Running Over Protesters by Mistake Could Be Legalized in North Dakota

Tara Houska, a Native American activist who has lived at the Dakota Access Pipeline protest site in North Dakota since August, is outraged by proposed state legislation that would make it legal for motorists to run over demonstrators who get in their way.

“It's shocking to see legislation that allows for people to literally be killed for exercising their right to protest in a public space," Houska told NBC News. "These [bills] are meant to criminalize the protests with no real concern for constitutional law.”

Drivers who “unintentionally” kill or injure a pedestrian blocking traffic would be "not guilty of an offense” under the proposed legislation that has angered Houska.

The bill’s sponsor, State Rep. Keith Kempenich (R), said he is not trying to legalize vehicular manslaughter. Nor is he trying to stop the DAPL protests.

“This bill is not about oil. We ranch. We’re conservationists too,” Kempenich told the Washington Post. “But there’s a line between protesting and terrorism, and what we’re dealing with was terrorism out there. [Drivers] who were legally doing their business or just going home and all of a sudden they’re in a situation they don’t want to be in.”

The legislation, he explained, is a reaction to what happened to his 72-year-old mother-in-law when she was surrounded by DAPL demonstrators while driving near the protest site on Highway 1806.

She told Kempenich that chanting protesters swarmed over her car and jumped in front of the vehicle to force her to stop.

“The First Amendment gives people the right of freedom to assemble peacefully, but it also gives the right for people to ignore that protest,” Kempenich said.

He told the Star-Tribune the legislation is not intended to let someone get away with running down a jaywalker or driving into a kid who chases a ball into the street. Kempenich said this is all about putting the onus of responsibility on people who make a conscious decision to stand in a road and block traffic.

"You can protest all you want, but you can't protest on a roadway. It's dangerous for everybody,” Kempenich said.

Sen. Kelly Armstrong, the chair of the North Dakota Republican Party, told the Associated Press that Kempenich’s bill, along with another proposal that would make it illegal to protest while wearing a mask or anything covering a demonstrator’s face, is a result of what’s been happening along Highway 1806 since August.

“When people are having their lives disrupted, you’re going to see things move up here,” said Armstrong, who is also an oil company executive and a former defense attorney. “It’s very difficult to write protest laws. We need to make sure there is reasonable application of the law in all circumstances, whether protest-related or not.”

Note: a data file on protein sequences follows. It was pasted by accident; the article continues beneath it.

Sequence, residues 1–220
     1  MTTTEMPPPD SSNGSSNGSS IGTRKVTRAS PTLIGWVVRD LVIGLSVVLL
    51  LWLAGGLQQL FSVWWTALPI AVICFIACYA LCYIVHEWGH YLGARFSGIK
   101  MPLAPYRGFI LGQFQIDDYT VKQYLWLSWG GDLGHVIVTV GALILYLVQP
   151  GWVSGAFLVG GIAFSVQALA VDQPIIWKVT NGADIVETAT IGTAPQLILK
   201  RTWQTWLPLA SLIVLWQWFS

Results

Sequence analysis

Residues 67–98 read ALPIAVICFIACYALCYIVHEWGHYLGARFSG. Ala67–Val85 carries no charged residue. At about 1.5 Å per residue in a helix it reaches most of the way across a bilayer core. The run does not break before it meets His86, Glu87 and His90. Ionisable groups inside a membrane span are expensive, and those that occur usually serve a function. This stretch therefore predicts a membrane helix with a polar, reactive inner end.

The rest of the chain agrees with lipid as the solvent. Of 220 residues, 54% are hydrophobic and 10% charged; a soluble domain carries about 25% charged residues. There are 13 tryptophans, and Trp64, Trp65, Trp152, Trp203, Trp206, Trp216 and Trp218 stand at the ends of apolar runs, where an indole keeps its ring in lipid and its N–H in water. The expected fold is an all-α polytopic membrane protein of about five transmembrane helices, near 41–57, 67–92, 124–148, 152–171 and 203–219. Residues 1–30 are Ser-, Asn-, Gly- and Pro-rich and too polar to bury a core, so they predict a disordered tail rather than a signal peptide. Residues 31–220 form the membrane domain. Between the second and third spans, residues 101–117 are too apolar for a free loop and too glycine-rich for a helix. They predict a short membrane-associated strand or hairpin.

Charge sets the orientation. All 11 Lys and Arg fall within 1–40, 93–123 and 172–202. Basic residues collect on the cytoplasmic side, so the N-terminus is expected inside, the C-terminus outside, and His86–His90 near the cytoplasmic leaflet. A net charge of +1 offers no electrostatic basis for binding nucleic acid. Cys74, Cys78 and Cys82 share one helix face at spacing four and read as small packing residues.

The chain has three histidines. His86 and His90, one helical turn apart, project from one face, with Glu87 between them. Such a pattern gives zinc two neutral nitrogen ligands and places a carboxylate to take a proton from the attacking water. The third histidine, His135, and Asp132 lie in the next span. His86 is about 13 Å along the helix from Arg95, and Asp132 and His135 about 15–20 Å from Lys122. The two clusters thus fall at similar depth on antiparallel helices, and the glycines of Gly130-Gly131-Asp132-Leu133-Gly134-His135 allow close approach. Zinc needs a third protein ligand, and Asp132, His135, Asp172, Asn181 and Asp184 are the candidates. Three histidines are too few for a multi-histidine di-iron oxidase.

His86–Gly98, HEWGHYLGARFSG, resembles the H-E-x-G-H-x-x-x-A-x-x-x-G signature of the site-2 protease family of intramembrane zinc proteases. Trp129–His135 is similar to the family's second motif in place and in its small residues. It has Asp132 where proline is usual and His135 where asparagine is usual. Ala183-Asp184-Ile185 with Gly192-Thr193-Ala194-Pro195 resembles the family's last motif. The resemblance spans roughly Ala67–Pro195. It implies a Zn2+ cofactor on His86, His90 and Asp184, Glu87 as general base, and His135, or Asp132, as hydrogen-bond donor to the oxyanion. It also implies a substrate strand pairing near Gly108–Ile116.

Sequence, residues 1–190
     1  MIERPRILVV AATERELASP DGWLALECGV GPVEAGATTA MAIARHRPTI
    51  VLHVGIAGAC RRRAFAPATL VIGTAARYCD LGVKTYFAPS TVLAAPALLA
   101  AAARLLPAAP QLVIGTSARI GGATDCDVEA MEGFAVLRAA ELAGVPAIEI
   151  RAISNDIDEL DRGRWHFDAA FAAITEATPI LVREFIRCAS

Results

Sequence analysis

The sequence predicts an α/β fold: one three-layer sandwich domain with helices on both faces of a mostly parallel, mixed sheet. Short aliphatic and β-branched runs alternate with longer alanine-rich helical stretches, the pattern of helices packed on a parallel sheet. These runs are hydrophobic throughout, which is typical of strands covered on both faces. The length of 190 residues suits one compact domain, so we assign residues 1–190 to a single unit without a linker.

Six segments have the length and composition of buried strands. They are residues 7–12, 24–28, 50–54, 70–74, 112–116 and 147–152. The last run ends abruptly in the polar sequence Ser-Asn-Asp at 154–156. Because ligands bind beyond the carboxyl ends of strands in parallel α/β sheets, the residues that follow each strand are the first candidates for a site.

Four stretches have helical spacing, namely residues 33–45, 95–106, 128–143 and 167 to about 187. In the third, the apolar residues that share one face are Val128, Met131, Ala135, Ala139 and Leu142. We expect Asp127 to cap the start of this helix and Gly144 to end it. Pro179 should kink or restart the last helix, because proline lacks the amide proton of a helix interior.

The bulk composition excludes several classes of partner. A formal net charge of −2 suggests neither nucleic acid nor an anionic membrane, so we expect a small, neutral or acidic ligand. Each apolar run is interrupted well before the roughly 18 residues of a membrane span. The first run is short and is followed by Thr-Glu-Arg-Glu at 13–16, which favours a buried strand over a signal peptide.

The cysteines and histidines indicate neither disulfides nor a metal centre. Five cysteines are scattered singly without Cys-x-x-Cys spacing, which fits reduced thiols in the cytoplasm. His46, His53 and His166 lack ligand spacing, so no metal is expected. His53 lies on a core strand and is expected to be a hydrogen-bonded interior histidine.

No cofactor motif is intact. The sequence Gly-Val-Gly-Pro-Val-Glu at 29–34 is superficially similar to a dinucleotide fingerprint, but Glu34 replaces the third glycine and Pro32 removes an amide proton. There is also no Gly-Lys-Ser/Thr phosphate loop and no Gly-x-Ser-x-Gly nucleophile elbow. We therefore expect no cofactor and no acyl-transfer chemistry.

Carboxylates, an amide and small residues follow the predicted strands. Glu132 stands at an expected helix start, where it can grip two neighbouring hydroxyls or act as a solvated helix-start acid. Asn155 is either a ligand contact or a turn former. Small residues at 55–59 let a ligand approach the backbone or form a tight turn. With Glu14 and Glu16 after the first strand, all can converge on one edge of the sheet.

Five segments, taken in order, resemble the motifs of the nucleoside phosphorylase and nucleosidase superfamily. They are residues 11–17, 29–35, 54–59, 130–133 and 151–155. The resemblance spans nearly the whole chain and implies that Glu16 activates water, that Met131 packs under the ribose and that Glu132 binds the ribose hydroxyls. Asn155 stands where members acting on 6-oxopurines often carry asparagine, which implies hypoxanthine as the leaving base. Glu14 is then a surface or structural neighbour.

Kempenich’s proposal has picked up several co-sponsors, but as of publication had not yet been scheduled for a hearing.

Democrats in the North Dakota Legislature haven’t introduced any legislation related to the DAPL protests. Rep. Marvin Nelson (D) said they don’t plan to, either.

“Knee-jerk legislation often is poor legislation,” said Nelson.

But Kempenich is not the only Republican worried about demonstrators getting in the way of traffic.

Iowa GOP Rep. Bobby Kaufmann introduced legislation that provides new criminal penalties against protesters who block roads, as happened in November during a Donald Trump for President rally.

Minnesota Republican Rep. Kathy Lohmer introduced legislation in January that increases penalties for obstructing highways as well as entrance and exit ramps. A violation could mean a year in jail and a $3,000 fine under Lohmer’s proposal.

Like Kempenich and Kaufman, Lohmer said she was motivated by a real-life protest that disrupted traffic. More than 300 demonstrators walked onto I-94 near Saint Paul last summer, protesting a police shooting.

Forty-six people were arrested. A judge dismissed riot charges that had been filed against them.

“You need to obey the laws of the freeway,” Lohmer told WCCO-TV in St. Paul. “They are there for a purpose. Freeways are not really public spaces, like parks and places like that. You need a license to drive on the freeway. You can’t walk on the freeway.”

But Jordan Kushner, a civil rights attorney in Minnesota who specializes in defending people who get involved in freeway demonstrations, said that’s exactly the point of a good protest march.

You have to be noticed and, to do that, you have to get in the way.

“The proper place to protest is a way that gets people’s attention,” said Kushner. “These proposed laws that make it a much more serious offense to engage in nonviolent peaceful protest are designed to scare people away so that they won’t engage in this sort of protest.”